Background. In Sub-Saharan Africa, maternal and neonatal morbidity and mortality rates are associated with underutilization of skilled birth attendance (SBA). In 2007, Burkina Faso introduced a subsidy scheme for SBA fees. The objective of this study was to evaluate the effect of Burkina Faso’s subsidy policy on SBA rate across socioeconomic status (SES) strata.
Methods. We used a quasi-experimental design. The data sources were two representative surveys (n = 1408 and n = 1403) of women from Houndé and Ziniaré health districts of Burkina Faso, and a survey of health centres assessing structural quality of care. Multilevel Poisson regression models were used with robust variance estimators. We estimated adjusted rate ratios (RR) and rate differences (RD) as a function of time and SES.
Results. For lowest-SES women, immediately upon the introduction of the subsidy policy, the rate of SBA was 45% higher (RR = 1.45, 95% confidence interval (CI): 1.19–1.77) than expected in the absence of subsidy introduction. The results indicated a sustained effect after introduction of the subsidy policy, based on RR estimate (95% CI) of 1.48 (1.21–1.81) at 2 years. For middle-SES women, the RR estimates were 1.28 (1.09–1.49) immediately after introduction of the subsidy policy and 1.30 (1.11–1.51) at 2 years, respectively. For highest-SES women, the RR estimates were 1.19 (1.02–1.38) immediately after subsidy introduction and 1.21 (1.06–1.38) at 2 years, respectively. The RD (95% CI) was 14% (3–24%) for lowest-SES women immediately after introduction of the policy, and the effect was sustained at 14% (4–25%) at 2 years.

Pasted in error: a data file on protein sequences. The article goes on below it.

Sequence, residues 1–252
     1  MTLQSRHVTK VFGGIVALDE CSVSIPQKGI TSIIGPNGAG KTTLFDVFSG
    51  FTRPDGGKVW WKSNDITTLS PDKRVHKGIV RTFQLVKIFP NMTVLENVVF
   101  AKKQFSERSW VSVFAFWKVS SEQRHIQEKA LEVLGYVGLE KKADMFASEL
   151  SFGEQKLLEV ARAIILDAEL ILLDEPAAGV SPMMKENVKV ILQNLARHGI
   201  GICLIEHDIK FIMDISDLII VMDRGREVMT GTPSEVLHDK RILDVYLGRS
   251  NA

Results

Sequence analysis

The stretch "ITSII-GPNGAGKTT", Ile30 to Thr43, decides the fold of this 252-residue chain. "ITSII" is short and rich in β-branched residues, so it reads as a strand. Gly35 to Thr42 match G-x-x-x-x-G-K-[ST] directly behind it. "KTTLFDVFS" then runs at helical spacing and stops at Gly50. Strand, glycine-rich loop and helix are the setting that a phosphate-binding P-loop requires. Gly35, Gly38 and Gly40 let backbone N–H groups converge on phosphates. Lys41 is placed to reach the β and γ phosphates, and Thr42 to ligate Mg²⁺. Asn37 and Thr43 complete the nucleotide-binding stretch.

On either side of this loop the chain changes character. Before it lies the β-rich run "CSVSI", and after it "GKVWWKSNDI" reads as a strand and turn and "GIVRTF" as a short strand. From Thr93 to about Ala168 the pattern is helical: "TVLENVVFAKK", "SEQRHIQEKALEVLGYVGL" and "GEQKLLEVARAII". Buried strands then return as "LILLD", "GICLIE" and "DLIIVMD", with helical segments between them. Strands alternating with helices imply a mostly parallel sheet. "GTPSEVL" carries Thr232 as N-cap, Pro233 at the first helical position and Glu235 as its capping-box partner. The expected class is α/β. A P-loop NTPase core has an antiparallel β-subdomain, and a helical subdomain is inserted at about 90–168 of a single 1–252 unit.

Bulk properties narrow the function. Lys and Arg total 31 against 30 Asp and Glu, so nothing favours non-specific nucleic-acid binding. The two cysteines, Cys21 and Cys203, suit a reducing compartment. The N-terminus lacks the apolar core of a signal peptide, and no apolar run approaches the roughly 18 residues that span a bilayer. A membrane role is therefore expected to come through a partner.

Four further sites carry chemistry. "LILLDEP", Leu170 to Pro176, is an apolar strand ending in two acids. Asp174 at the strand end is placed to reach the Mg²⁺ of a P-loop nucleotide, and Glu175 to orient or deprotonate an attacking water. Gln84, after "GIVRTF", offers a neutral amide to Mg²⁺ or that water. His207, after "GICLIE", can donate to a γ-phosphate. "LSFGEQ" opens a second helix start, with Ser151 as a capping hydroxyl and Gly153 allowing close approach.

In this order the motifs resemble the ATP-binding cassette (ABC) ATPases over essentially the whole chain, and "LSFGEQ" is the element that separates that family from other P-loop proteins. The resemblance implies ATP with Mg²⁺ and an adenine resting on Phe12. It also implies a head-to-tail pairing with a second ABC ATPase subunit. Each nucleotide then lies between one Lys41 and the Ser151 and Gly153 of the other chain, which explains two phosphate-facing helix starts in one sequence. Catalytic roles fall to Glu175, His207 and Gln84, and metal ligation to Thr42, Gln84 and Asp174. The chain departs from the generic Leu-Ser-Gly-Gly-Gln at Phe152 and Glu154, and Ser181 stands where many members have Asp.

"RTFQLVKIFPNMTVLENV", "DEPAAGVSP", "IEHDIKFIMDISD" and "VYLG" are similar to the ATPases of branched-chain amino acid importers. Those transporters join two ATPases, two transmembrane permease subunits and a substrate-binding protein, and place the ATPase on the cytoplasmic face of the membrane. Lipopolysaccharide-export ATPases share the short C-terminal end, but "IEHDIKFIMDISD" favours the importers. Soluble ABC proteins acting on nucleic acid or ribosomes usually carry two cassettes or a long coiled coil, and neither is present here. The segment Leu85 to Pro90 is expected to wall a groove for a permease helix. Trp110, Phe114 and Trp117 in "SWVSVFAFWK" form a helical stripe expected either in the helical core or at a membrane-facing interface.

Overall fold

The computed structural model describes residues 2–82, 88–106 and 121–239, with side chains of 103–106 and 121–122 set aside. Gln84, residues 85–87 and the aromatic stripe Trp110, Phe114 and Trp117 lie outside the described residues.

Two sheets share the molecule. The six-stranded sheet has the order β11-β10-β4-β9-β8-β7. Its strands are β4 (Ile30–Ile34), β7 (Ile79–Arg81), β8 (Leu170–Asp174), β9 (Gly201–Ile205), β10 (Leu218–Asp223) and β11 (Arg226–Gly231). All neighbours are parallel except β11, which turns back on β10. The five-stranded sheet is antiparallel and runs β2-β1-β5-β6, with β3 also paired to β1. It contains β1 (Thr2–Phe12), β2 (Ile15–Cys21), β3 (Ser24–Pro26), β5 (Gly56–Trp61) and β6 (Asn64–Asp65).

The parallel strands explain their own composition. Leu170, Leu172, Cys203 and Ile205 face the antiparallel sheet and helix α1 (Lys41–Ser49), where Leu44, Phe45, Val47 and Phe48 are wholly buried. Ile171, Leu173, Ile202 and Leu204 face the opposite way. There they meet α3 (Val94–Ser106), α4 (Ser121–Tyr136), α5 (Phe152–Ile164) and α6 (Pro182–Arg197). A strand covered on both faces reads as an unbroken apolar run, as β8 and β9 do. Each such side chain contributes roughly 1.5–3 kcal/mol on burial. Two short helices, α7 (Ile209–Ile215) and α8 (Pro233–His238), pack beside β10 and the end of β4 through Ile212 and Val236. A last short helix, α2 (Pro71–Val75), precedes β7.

Conclusion. Our study suggests that the introduction of a user-fee subsidy in Burkina Faso resulted in increased rates of SBA across all SES strata. The increase was sustained over time and strongest among the poorest women. These findings have important implications for evidence-informed policymaking in Burkina Faso and other countries in Sub-Saharan Africa.